Lenten Meditation: a Word of Reunion

Lenten Meditation: a Word of Reunion

Now I lay me down to sleep. I pray the Lord my soul to keep. If I should die before I wake, I pray the Lord my soul to take.

So goes a traditional nighttime prayer taught by American moms to their children for generations. It may seem odd to us today that there would be the mention of death in a child's prayer.  But scientists say that sleep is the closest we come to death while still alive.  The Greeks even had a proverb,

Sleep and death are brothers.

However, in the first century, Jewish moms taught their children a different bedtime prayer...quoting Psalm 31:

Father, into Your hands I commit my spirit.

Read More

Lenten Meditation: a Word of Completion

Lenten Meditation: a Word of Completion

Tetelestai!* It is finished! The death of Christ on the Cross is the HINGE of human history...and nowbefore He breathes His last breath... a cry of victory,It is finished!

What's finished? It must be something BIG,...look at what happened when Jesus died:

At that moment the curtain in the sanctuary of the Temple was torn in two, from top to bottom. The earth shook, rocks split apart, and tombs opened. The bodies of many godly men and women who had died were raised from the dead.

Read More

Lenten Meditation: a Word of Personal Need

Lenten Meditation: a Word of Personal Need

Thirst is a primal need in all of us humans...more demanding even than hunger!  We can go quite awhile without eating, but a very short time without drinking. Jesus on the Cross had refrained up to this point from satisfying His thirst.  Instead He drank the Father's cup to the very last drop! He became sin for us...the Sinless One!  Jesus took our place, and the Father turned His back.  The punishment for sin had been accomplished...spiritual separation from God....for US!

Now in fulfillment of prophecy, Jesus expresses His own physical need:

After this, Jesus, knowing that all was now finished, said ( to fulfill the Scripture), “I thirst.” A jar full of sour wine stood there, so they put a sponge full of the sour wine on a hyssop branch and held it to his mouth. John 19:28-29 ESV

Read More

Lenten Meditation: a Word of Abandonment

Lenten Meditation:  a Word of Abandonment

Abandoned!  Left on the "doorstep of Life"...but with no Rescuer in sight! What happens next in the unfolding drama of the crucifixion of our Lord is incomprehensible!

It's an abandonment so profoundly mysterious that it boggles the mind...but ravishes the believing heart! Let's watch it unfold...

It is noon. By this time, Jesus has already forgiven ... 

Read More

Lenten Meditation: a Word of Family Affection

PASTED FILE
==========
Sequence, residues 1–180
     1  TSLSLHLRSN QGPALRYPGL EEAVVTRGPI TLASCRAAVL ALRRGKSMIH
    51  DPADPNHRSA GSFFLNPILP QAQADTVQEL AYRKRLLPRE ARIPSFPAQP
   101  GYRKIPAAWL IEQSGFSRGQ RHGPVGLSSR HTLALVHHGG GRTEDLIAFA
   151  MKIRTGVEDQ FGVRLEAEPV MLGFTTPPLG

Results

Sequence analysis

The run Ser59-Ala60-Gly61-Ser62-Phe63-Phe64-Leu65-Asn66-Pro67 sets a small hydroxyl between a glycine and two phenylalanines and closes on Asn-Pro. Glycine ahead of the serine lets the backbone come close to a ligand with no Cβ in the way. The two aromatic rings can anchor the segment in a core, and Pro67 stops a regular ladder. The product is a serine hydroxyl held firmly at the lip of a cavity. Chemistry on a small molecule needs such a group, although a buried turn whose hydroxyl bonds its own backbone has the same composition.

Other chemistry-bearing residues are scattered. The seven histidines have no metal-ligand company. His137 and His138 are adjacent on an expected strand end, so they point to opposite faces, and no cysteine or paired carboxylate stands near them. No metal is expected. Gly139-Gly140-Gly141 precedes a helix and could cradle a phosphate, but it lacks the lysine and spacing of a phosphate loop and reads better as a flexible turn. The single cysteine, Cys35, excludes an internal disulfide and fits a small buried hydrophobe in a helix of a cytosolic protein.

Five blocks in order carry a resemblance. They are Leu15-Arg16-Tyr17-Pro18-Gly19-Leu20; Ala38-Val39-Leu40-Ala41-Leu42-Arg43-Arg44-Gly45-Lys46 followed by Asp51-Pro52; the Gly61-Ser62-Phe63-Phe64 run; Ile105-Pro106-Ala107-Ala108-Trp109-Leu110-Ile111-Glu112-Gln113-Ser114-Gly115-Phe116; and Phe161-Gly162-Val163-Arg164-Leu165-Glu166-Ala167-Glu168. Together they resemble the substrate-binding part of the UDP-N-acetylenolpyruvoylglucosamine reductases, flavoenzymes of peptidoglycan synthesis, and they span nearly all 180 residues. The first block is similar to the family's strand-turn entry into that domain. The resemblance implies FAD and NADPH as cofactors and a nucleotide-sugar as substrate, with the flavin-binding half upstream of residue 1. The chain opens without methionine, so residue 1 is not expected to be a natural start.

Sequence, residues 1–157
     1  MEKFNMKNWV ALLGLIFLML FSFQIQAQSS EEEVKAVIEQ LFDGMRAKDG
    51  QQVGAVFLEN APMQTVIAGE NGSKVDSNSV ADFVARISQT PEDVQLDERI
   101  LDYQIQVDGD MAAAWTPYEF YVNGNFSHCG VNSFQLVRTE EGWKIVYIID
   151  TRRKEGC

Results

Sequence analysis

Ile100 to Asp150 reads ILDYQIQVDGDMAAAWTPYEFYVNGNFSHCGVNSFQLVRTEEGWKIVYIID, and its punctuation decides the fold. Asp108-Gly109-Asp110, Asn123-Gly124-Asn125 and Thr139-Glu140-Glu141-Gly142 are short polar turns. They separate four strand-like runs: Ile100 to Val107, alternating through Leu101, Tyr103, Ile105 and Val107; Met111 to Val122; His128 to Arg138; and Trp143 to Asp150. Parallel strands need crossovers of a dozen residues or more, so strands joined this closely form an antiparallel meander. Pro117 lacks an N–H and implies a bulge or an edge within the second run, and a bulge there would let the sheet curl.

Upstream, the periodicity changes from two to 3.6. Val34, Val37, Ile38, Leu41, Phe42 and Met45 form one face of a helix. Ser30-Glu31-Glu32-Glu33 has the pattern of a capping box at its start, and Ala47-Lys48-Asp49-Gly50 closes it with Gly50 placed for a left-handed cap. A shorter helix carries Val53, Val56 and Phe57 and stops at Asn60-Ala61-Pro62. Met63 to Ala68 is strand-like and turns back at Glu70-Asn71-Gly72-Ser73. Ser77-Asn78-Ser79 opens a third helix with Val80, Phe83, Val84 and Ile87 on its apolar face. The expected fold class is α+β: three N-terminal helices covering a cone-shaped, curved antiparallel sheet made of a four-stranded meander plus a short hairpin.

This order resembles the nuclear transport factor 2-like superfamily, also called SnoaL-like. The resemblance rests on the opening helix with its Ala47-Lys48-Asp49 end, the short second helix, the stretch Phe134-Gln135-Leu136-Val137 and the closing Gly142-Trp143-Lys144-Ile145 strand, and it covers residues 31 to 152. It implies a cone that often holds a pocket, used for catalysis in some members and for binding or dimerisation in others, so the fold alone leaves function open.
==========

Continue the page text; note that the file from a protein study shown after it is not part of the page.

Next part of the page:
Lenten Meditation:  a Word of Family Affection

Dear woman, behold your son...behold your mother. (John 19:26)

Jesus has a special love for His own. As we've already seen with His forgiving and saving attitude in the midst of excruciating agony, His concern was not with His own suffering.  Rather His attention was next drawn to His precious loved ones at the foot of His cross, His mother and His beloved disciple John.

What agony Jesus must have seen on Mary's face.

Read More

Lenten Meditation: a Word of Salvation

Lenten Meditation: a Word of Salvation

Truly I say to you, today you will be with Me in Paradise. Luke 23:43

Jesus seems to have a special love for lost people.  I love the stories He tells in Luke 15.  The first is the beloved story of the shepherd who has a hundred sheep but leaves the ninety-nine to look for the one that is lost.  Then when he finds his lost one, he calls in his neighbors and friends to rejoice with him.

Read More

Lenten Meditation: a Word of Forgiveness

Lenten Meditation:  a Word of Forgiveness

Alexander Pope (1688-1744), English poet, once said,To err is human; to forgive, divine.

So true...but we humans more readily echo what someone else has said,

To err is human, but to get even? THAT is divine.

We struggle so, with forgiving our offenders!  Perhaps that's why we are amazed and awestruck to realize that Jesus' first words from the Cross were ones of forgiveness.

Read More

Lenten Meditation: Last Words and Conversations

Lenten Meditation:  Last Words and Conversations

The last words of a dying person are important.  They can communicate good or ill to those left behind.  Why?  Because the last words are so final...and so revealing of what was uppermost in the person's mind as he was leaving this earth to face his Maker. I've never been at the bedside of a dying person.  But I have been with a few people just days before their death.

Read More

Lenten Meditation: a Word of Reunion

Lenten Meditation: a Word of Reunion

Now I lay me down to sleepI pray the Lord my soul to keep If I should die before I wake I pray the Lord my soul to take